Related topics: cells · protein · brain · molecules · nerve cells

Nanoscopic protein motion on a live cell membrane

Cellular functions are dictated by the intricate motion of proteins in membranes that span across a scale of nanometers to micrometers, within a time-frame of microseconds to minutes. However, this rich parameter of space ...

'Dual login' mechanism found to resist fungal infection in cells

Indiana University researchers have identified a mechanism involving the body's ability to resist fungal infection. The work could help advance research on cancer therapies that use the body's own immune system to fight disease.

Mega docking library poised to speed drug discovery

Researchers have launched an ultra-large virtual docking library expected to grow to more than 1 billion molecules by next year. It will expand by 1000-fold the number of such "make-on-demand" compounds readily available ...

Genes on the move help nose make sense of scents

The human nose can distinguish one trillion different scents—an extraordinary feat that requires 10 million specialized nerve cells, or neurons, in the nose, and a family of more than 400 dedicated genes. But precisely ...

Blazes of light reveal how plants signal danger long distances

In one video, you can see a hungry caterpillar, first working around a leaf's edges, approaching the base of the leaf and, with one last bite, severing it from the rest of the plant. Within seconds, a blaze of fluorescent ...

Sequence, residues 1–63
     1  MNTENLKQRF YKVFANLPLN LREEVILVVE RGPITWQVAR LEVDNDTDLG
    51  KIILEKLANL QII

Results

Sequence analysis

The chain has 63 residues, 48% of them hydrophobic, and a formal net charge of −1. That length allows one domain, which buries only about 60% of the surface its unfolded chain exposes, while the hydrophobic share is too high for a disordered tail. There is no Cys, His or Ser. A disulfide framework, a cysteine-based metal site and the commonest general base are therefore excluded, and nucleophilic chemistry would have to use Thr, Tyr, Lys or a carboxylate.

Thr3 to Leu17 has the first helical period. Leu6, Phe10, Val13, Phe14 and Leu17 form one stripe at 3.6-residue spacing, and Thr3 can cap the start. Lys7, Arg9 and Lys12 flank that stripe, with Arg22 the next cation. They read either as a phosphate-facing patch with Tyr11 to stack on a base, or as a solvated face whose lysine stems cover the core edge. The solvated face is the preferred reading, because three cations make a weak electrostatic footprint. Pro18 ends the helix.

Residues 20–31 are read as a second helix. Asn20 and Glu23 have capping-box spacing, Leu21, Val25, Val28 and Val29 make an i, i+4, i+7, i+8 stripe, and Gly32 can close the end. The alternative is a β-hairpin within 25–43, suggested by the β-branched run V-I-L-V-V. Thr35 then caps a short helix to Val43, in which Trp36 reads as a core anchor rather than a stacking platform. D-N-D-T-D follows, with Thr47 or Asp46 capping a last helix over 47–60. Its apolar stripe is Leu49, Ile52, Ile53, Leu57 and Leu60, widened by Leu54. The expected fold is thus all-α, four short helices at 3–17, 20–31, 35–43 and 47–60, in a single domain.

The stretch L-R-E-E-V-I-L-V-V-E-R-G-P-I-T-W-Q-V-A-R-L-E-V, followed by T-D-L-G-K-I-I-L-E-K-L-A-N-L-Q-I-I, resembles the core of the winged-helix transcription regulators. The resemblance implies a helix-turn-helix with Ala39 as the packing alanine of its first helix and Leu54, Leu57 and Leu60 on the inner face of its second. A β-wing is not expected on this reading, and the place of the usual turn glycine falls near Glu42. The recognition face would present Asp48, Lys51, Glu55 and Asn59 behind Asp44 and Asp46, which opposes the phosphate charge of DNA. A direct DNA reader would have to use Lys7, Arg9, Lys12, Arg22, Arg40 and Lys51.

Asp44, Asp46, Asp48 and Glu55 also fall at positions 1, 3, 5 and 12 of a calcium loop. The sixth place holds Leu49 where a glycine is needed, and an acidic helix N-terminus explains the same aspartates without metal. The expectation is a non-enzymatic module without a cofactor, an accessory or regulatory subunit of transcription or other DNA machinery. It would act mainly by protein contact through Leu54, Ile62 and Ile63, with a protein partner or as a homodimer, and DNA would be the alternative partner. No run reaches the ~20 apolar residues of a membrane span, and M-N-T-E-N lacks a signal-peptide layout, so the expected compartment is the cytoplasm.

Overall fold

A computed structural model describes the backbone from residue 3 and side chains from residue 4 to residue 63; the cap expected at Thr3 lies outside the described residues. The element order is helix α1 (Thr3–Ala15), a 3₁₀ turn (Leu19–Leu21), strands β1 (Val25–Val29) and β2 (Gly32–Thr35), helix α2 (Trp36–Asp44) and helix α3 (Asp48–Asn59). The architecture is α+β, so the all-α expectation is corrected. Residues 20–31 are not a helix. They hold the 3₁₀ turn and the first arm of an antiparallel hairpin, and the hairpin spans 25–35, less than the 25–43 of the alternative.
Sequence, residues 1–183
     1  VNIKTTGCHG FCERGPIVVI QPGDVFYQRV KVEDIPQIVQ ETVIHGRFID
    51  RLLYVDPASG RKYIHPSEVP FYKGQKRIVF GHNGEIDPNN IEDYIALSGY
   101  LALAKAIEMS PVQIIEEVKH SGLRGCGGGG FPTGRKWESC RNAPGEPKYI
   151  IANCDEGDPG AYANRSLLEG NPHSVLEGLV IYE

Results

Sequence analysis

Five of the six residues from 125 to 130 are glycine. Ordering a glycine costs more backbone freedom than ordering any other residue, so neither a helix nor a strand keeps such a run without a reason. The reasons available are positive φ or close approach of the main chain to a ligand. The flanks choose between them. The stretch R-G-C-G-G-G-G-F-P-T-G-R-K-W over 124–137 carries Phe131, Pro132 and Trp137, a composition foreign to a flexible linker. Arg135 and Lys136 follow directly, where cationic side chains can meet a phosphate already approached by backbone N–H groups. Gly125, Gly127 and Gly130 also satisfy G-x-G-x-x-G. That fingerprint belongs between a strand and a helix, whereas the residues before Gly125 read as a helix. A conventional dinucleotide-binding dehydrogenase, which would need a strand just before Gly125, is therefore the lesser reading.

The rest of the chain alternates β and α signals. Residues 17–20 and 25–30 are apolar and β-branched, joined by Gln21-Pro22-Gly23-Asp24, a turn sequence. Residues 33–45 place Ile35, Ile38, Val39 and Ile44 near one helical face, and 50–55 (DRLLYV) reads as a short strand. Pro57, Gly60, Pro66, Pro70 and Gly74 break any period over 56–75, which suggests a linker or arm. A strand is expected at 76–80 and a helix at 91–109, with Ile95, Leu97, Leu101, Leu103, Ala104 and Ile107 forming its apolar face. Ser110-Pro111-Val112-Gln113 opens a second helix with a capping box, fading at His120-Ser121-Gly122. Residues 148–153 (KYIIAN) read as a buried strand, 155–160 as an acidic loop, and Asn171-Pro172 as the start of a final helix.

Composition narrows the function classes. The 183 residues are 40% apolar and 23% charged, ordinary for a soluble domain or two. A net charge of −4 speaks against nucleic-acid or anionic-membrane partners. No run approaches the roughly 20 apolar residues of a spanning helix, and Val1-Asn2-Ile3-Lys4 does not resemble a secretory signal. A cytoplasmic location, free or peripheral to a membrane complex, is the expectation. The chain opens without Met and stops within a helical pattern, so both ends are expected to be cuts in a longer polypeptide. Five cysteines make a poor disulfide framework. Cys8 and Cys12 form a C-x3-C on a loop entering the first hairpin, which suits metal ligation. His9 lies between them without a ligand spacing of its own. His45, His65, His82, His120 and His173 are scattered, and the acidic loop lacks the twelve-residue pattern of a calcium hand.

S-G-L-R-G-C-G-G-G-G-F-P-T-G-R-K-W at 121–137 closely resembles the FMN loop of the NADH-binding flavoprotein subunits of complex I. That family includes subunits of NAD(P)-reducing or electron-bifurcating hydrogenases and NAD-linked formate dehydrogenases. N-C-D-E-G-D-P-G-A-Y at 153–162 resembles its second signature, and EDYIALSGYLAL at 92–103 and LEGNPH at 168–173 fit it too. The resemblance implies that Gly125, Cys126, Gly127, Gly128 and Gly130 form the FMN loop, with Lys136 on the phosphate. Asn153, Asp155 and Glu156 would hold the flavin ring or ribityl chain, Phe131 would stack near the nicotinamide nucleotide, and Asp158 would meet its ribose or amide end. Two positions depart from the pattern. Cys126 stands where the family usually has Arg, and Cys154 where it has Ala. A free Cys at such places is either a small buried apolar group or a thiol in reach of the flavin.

A new model for communication in plant cells

Plant cells share a strange and surprising kinship with animal neurons: many plant cells have proteins that closely resemble glutamate receptors, which help to relay nerve signals from one neuron to another. While plants ...

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Receptor (biochemistry)

In biochemistry, a receptor is a protein molecule, embedded in either the plasma membrane or cytoplasm of a cell, to which a mobile signaling (or "signal") molecule may attach. A molecule which binds to a receptor is called a "ligand," and may be a peptide (such as a neurotransmitter), a hormone, a pharmaceutical drug, or a toxin, and when such binding occurs, the receptor undergoes a conformational change which ordinarily initiates a cellular response. However, some ligands merely block receptors without inducing any response (e.g. antagonists). Ligand-induced changes in receptors result in physiological changes which constitute the biological activity of the ligands.

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